While I was dancing around my middle school bedroom screaming into a hairbrush dreaming of my future rock stardom, I had no idea how many spreadsheets and e-mails I would have to send to make it happen. Even after you’ve spent hours in front of your laptop booking your tour, it’s not over yet. You may already be a rock star, but now it’s time to make sure the world (or at least the cities you’re touring to) know just how much of a rock star you are! It’s time for the insanely tedious task of tour press.
In college I was lucky enough to intern at Girlie Action and learn how to do basic press for my band Sharkmuffin to help us get off the ground, and I have also done some freelance PR for friends’ bands under the name Sugarmama Bk. It’s frustrating, time consuming, and lonely sending hundreds of emails into the black hole of the internet in hopes of getting even one response. When I hit a wall with my contacts and had some extra funds, Sharkmuffin was able to work with some amazing publicists like Melissa at Citybird PR, Jillian (now at Big Hassle) & Meijin (Rocker Stalker) at EIPR and Debbie at Girlie Action who have helped build the band’s reputation and get more people out to our shows over the years. Here are some of their thoughts on how to do tour promotion successfully.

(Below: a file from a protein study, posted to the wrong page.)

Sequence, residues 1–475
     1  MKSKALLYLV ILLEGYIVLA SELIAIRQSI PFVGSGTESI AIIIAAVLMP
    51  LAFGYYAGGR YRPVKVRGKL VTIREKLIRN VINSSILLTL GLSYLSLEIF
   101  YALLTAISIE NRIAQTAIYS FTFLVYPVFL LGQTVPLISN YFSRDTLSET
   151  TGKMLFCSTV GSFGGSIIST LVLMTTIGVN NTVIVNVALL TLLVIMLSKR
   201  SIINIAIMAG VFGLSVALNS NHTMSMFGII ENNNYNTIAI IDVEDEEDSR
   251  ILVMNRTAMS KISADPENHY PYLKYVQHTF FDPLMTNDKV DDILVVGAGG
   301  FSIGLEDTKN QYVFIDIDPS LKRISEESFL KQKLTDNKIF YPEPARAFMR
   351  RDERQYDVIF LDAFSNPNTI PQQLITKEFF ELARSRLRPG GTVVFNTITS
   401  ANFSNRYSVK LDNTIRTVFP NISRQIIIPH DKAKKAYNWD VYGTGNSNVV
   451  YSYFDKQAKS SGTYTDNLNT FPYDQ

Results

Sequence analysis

“My advice is do your research. Find out who is writing about bands you enjoy/tour with/respect. Follow them on socials to get to know them even more – many of them will have their email address in their bio! Only use one platform to contact them, and email is always best. In your email, have as much information as possible without being too wordy. Make sure your subject line is informative. Do not follow up right away – give the writers/editors time to ingest the music. Don’t follow up too much. Silence might equal a pass. Most importantly, treasure/respect even the small blogs!” – Deb Pressman, Girlie Action
“I’d say that for a band going on the road, if you’re really looking to elevate and make an impact, hiring a publicist is really helpful. Numerous reasons, the most important one being that you want to be able to focus on the music! It can be so daunting to try to do it all, and often when you spread yourself too thin, everything starts to suffer, including your health. And we all know how hard – and important! – it is to stay healthy on the road. Also, we already have a lot of relationships and knowledge of the market.